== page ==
Join the fight for bold reform.
Big Tech’s toxic business model is undermining democracy.
Social media giants turn massive profits by endlessly tracking and profiling us, determining how to keep us hooked, and then hyper-targeting us with ads. These platforms manipulate each user’s information flow – and boost false and divisive content – to maximize engagement, so they can show us more ads and learn more about our behavior.
Big Tech is making billions off surveillance advertising; society is paying the price.
This is not a partisan issue: 4-in-5 Americans support a ban on surveillance advertising.
As a diverse coalition of leaders across issues and industries – backed by an army of grassroots supporters – we are calling for an end to this toxic business practice.
“Our data bodies – or the various information cells that make up how we move and exist online – are under constant threat of surveillance, tracking, trading and selling to the highest bidder. An industry built on monetizing human emotions online has come at the cost of eroding societal values of transparency, fairness, accountability and safety offline. It is time to demand regulators, legislators, and other corners of government band together to ensure our communities are safeguarded from predatory practices like surveillance advertising.”
"Surveillance advertising has robbed newspapers, magazines, and independent writers of their livelihoods and commoditized their work – and all we got in return were a couple of abusive monopolists. That's not a good bargain for society. By banning this practice, we will return the unique value of writing, audio, and video to the people who make it rather than those who aggregate it.”
"As software developers, we recognized the deep harms endemic to the surveillance advertising industry – from malware distribution and slow site performance to algorithmic discrimination and the rampant abuse of personal data – and decided to build an ethical alternative. Our ad network depends exclusively on contextual targeting, and with over 100 advertisers and publishers thriving in this ecosystem, we are proving that surveillance-free models can work for all involved."
"The creation of so many modern harms – from the violent extremism growing in our societies to anti vaxx misinformation – is rooted in Facebook and Google's toxic addiction to surveillance advertising. Ending invasive snooping on users and the sale of users' intimate thoughts and feelings to advertisers would remove the financial incentives that drive so much online and offline harm."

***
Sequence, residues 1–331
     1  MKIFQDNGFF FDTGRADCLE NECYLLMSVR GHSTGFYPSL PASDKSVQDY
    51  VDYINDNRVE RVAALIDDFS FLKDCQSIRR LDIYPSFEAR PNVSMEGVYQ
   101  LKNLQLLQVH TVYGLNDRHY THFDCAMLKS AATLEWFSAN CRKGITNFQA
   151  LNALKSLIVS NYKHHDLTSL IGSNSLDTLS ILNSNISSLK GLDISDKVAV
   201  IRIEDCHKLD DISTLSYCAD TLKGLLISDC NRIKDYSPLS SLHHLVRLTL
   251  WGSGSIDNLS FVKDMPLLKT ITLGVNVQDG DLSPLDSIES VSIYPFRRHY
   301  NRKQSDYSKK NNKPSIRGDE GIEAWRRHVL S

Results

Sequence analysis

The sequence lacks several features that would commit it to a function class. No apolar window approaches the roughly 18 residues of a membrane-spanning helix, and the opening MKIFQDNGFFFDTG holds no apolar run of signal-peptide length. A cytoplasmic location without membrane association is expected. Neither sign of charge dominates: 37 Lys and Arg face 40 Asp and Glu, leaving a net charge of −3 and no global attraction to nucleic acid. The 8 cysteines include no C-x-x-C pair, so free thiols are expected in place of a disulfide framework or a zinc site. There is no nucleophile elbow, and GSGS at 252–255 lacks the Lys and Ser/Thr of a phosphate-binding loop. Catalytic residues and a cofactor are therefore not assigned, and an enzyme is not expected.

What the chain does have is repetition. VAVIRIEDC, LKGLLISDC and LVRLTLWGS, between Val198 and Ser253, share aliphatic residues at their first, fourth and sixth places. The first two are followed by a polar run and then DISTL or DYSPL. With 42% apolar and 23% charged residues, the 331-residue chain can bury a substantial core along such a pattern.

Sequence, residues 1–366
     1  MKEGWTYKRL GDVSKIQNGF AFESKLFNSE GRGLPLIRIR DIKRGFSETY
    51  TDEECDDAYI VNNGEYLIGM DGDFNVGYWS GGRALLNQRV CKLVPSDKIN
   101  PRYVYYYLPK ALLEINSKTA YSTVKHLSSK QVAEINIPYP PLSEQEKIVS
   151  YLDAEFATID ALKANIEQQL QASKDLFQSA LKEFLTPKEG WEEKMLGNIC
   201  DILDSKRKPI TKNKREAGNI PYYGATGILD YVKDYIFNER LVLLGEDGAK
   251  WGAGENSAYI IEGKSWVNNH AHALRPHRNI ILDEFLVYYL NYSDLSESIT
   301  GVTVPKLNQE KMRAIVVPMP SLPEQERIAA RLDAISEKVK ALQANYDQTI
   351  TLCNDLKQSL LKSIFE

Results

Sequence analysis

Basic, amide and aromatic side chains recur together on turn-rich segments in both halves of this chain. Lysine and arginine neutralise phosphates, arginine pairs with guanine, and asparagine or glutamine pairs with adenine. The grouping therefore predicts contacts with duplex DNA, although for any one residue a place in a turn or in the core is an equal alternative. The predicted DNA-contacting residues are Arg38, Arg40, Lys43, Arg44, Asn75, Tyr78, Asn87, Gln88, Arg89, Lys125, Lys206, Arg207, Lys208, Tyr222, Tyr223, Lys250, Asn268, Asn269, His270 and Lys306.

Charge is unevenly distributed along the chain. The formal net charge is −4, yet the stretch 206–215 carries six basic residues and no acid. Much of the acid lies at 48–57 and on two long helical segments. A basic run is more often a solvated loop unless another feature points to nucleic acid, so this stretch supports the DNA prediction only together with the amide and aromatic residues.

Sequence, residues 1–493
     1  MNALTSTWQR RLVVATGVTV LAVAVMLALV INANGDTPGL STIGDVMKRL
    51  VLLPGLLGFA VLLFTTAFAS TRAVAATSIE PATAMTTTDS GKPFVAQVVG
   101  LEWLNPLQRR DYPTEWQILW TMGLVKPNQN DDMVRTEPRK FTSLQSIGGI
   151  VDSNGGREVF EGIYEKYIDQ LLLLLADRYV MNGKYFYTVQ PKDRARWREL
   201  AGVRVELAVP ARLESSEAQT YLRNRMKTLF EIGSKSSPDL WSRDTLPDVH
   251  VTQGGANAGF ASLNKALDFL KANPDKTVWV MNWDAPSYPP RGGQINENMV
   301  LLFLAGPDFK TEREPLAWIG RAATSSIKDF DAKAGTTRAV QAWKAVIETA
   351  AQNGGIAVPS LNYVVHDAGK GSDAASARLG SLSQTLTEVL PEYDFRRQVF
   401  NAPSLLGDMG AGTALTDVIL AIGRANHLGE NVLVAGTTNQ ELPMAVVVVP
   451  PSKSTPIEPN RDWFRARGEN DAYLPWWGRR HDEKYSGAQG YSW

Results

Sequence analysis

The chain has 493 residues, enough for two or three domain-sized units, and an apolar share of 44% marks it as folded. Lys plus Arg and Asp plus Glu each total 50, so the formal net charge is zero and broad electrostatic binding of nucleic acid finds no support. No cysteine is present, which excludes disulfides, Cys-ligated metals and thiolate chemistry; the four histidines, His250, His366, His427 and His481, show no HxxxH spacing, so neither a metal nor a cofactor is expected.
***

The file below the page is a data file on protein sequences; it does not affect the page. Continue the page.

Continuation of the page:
“Tech companies continually fail to center their policies on protecting the vast majority of their users from hate, harassment, and harm. Because to do so would curb their ability to make a profit under their current business model. The Ban Surveillance Advertising campaign goes right to the heart of this problem. It's long past time for Big Tech to stop exploiting extremism and disinformation for profit. We need to hold them accountable.”
“‘Big Social’s attention-based business model creates addicts of its users to drive advertising revenue. Addiction occurs because the finely-tuned algorithms on these platforms prioritize extreme, controversial, and polarizing content proven to keep us scrolling and sharing. The consequences of social media overuse have been severe and include dramatic increases in depression and suicide.”
“Data surveillance has become an increasingly harmful tool that lines the pockets of tech executives at the expense of our privacy, safety and security. In order to keep on hauling more profits, Big Tech wants to keep Americans addicted to their devices feeding people content that is extreme in nature. As we have seen in the last year, this creates irreparable harms in our communities and our democracy. Big Tech must stop this practice.”
"Facebook and Google possess enormous monopoly power, combined with the surveillance regimes of authoritarian states and the addiction business model of cigarettes. Congress has broad authority to regulate their business models and should use it to ban them from engaging in surveillance advertising."